Tasting the ‘aina: a tour of Kona lobster and abalone farms

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If you’re a foodie headed to Kona, you have to make a stop at the Natural Energy Laboratory of Hawaii Authority (NELHA). Most people do as Kamehameha Schools did and make appointments at least with Big Island Abalone Corporation (BIAC) and Kona Cold Lobsters (KCL).

Farming isn’t just limited to land; as we saw with these creatures, you can farm the ocean, too, and we often take the abundance of seafood in Hawaii for granted. These abalone and lobsters are delicacies from the deep ocean that are now being farm-raised in Kona, making them abundant and more accessible for restaurants and consumers without draining ocean resources. Best of all, they’re providing new industries for Hawaii, making us less dependent on outside suppliers — and the high quality of the abalone and lobsters are now renowned, so visitors know to seek these items out.

The unique location in Kona enables NELHA to pump water up from 2,000 feet below sea level through a 40-inch diameter pipeline, which has attracted other aquaculture companies like Royal Hawaiian Seafarms, Kona Blue Water Farms and Troutlodge Marine Farms. These, in addition to BIAC, sell their products to KLC for packaging and distribution throughout the state.

One big takeaway: Remember our meal at Sushi ii a few weeks ago? I was amazed that the baby abalone were so feisty in the bowl, probably because I — like many other people — consider abalone to be slow, like snails. The visit to BIAC changed my perspective on all that, and now I know abalone not only move quickly, but can see people and jump out of people’s hands, as well. Here’s a look at the two farms, and the dinner we had that night at Rays on the Bay in the Sheraton Kona:

Touring Big Island agriculture

Starter tanks for dulse, a special seaweed, which is what the abalone eat. If they were grown in the sea water off the coast, they'd die, since they need to be kept very cold. The water here is about 56 degrees and is churned constantly to keep the oxygen flowing.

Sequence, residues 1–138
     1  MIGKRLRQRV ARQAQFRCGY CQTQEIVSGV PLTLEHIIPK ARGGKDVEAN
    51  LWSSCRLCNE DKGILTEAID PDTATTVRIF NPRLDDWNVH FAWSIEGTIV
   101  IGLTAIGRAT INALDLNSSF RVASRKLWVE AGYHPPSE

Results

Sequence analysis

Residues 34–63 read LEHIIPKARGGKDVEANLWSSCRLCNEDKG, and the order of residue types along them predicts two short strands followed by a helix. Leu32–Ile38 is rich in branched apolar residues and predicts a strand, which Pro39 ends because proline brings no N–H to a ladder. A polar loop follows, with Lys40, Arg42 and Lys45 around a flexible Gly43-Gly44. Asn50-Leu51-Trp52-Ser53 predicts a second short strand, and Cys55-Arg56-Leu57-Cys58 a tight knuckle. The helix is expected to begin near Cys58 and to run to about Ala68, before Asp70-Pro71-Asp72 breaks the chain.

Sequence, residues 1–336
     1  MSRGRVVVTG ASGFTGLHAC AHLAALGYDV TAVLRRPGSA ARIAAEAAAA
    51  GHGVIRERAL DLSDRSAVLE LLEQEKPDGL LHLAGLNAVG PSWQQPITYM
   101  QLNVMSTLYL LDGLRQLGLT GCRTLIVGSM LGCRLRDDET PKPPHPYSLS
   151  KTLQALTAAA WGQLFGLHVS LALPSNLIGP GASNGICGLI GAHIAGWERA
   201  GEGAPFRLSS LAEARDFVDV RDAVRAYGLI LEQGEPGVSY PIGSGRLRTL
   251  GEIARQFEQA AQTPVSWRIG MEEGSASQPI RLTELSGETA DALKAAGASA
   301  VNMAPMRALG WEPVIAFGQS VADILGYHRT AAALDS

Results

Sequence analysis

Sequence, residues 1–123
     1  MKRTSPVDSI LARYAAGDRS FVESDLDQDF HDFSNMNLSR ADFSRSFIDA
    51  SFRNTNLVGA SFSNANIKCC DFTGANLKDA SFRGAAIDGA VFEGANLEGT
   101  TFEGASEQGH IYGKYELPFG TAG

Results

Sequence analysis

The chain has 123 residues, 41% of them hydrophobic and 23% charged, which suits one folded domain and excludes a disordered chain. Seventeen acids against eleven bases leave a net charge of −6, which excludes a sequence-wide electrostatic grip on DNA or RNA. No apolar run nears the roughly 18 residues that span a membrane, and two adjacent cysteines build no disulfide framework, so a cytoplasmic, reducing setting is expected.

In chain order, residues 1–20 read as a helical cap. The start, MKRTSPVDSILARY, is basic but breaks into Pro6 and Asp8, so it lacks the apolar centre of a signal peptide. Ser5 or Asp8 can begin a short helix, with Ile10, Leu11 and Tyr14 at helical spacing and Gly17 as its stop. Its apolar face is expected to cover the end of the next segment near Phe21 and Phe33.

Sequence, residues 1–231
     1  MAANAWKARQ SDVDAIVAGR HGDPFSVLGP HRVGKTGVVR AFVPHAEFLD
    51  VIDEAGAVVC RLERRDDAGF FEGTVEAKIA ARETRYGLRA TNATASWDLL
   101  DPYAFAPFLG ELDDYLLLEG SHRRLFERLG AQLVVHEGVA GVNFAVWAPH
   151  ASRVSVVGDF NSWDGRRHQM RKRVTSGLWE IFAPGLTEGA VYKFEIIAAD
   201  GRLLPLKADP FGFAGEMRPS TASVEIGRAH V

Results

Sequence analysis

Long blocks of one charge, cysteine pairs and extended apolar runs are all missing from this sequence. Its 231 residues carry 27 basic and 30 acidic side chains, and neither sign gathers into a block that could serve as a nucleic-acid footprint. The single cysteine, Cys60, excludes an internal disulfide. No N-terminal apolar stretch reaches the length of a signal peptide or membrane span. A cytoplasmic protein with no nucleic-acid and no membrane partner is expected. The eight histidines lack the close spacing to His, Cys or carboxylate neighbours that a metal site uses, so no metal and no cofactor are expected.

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Mahalo to our Kamehameha Schools guides, who kept us on schedule and showed us these farms! This was actually the second half of the day we went to UCC Coffee and Original Hawaiian Chocolate. These were just the highlights; if you want to see the whole day’s photos, click here.

2 comments
Annoddah_Dave
Annoddah_Dave

Delicate Blossom:  Very, very interesting stuff.  Were you able to find out about how they keep their stock disease free or is it because they are constantly pumping deep water that mitigates any infestation?  Remember how disease ruined the prawn farms in Kahuku?  I would have been curious about the breeding stock for abalone and lobster and how they are maintained.  You're right, lobsters are like crabs and will eat virtually anything.  So what are they feeding them?  It must be prepared stuff to keep diseases from starting up or the limu they grow.  I am a spiny lobster kind of guy because I never had a Maine lobster that tasted equal or better.  I guess because I fished for them I had spiny lobsters fresh.  Now with KCL, maybe the Maine type lobsters will taste better as they are fresher...I wonder if "wild" and "farmed" have taste differences?  I think I read once where they claim that lobsters mate for life.  Don't know about abalone.  Can you hear the refrains of the song "Stuck on You" in the background in the abalone breeding tanks?

Melissa808
Melissa808 moderator

 @Annoddah_Dave I believe it was a combination of the water source plus the fact they are constantly pumping new water in. After all, if a lobster dies in the ocean, why don't the other lobsters die? The circulation is key. 

 

As it turns out, a lot of lobster farmers feed their lobsters corn. KCL feeds their lobsters seafood because "I've never seen any corn growing in the ocean!" 

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